Alice in Wonderland: Novel Summary: Chapter 3
Alice and the assembly of birds and the mouse are all wet upon the shore. A good deal of confusion erupts over how they should get dry. Finally the Mouse decides the best way to make everyone dry is to tell a very dry story (that is, he tells an exceptionally boring story about English history). This ironic play on words, however, does little to dry anyone so a new plan is devised by the Dodo to hold what he calls a Caucus Race, where there is little or no course and everyone can start whenever they want. The whole group participates and they run and run and run until they are dry, at which point the Dodo declares the race over and everyone a winner. Then he demands that Alice award the prizes. She finds a box of snacks in her pocket and hands one piece out to each winner, though she has no prize left for herself. The Dodo asks her if she has anything else, and she produces a thimble. In a brief but solemn ceremony the birds bestow her thimble back upon her as a prize.
Now that they are dry, the Mouse tells his tale, which Alice imagines is shaped like a tail. Essentially, the tale is a short poem printed on the page in the shape of a mouse tail. Once the tale is told, Alice and the Mouse have a short fight over how the tale should have worked out. Then, once the fight has ended badly, Alice wishes aloud for Dinah to be there. All of the birds then politely ask Alice who Dinah is and, again, Alice goes on about how good Dinah is at catching and killing mice and birds. Offended and frightened, the party of animals politely excuse themselves and Alice is alone again.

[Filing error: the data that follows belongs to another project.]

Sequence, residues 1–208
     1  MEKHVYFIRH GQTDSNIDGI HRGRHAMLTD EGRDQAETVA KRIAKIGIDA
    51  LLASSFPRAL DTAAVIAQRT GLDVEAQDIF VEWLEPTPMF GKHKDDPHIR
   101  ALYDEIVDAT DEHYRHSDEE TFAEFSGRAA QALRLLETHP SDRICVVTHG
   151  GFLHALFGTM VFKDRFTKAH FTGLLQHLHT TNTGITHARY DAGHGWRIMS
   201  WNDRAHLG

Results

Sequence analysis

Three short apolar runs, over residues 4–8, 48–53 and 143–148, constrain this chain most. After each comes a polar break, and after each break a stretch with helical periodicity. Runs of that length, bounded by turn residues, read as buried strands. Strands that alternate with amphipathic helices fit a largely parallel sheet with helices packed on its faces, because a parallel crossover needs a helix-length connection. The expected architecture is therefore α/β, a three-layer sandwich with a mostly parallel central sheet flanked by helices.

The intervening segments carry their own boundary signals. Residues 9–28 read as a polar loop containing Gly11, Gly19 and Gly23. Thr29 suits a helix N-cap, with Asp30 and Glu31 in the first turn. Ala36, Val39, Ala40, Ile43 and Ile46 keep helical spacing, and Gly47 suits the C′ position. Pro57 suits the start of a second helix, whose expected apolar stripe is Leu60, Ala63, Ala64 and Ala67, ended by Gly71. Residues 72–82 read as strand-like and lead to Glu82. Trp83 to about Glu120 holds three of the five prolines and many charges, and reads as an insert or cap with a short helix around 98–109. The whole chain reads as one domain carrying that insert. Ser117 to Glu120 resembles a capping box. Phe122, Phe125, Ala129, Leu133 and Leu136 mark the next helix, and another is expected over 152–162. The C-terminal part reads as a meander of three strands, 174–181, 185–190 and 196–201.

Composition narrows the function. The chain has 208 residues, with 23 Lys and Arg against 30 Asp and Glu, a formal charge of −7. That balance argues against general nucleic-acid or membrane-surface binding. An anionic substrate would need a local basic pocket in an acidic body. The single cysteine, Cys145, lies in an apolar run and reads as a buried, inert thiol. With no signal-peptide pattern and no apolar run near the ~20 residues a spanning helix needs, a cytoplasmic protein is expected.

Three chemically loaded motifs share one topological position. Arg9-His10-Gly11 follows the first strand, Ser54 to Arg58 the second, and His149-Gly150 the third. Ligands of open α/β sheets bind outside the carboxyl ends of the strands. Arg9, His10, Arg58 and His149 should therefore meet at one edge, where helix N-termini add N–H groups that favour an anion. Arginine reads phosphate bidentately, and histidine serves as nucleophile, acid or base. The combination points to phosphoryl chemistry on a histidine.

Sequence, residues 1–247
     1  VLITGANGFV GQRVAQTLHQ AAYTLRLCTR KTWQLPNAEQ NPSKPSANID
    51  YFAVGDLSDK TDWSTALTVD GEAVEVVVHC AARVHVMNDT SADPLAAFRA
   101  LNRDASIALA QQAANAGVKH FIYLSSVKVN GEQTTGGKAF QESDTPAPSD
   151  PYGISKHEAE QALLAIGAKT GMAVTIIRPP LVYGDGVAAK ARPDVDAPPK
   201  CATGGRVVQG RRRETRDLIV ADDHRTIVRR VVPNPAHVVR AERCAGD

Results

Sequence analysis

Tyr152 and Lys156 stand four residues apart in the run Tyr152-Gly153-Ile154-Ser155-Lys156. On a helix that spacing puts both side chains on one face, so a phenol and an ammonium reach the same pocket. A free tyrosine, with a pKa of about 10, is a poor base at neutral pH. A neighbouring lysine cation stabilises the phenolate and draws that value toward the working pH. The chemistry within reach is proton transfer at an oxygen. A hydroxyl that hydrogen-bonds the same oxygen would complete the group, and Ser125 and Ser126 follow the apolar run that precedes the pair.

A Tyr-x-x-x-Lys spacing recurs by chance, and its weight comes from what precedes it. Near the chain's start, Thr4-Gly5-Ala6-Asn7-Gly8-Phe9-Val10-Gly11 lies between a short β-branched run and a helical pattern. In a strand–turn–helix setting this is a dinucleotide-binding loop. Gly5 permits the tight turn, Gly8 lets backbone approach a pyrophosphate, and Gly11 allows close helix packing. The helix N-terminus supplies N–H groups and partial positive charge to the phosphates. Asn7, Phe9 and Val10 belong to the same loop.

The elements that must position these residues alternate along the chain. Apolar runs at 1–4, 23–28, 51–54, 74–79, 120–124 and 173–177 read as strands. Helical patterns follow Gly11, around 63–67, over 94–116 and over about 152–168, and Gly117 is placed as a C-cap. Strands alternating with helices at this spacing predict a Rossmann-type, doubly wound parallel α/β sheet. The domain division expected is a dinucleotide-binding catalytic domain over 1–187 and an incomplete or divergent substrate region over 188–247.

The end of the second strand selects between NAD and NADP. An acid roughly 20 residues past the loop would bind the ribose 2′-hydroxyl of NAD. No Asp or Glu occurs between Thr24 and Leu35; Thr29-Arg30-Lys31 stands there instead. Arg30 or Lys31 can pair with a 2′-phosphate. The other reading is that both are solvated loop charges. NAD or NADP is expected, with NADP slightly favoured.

Yet again, Carroll is making a case for adulthood. In the first half of the story there is this Caucus Race, essentially a game with no rules. What Alice recognizes and what Carroll hopes the reader sees is that without rules, no amount of play is really fun. It may get you dry and it may make you tired, but in the end it probably isn't much fun. Games are competitions and competitions require rules and discipline. Without the discipline of adulthood, life will start to become rather pointless, filled with empty ceremonies and meaningless accomplishments.
The second half of the chapter is in many ways a reiteration of the previous chapter. Alice perhaps recognizes that games need rules so that they make sense, but she hasn't yet learned that rules are needed for all occasions. Conversation, to be meaningful, needs rules just as a game needs rules. And in order to successfully hold a conversation a person needs boundaries. Alice has not learned that talking about her cat Dinah to Birds and Mice wh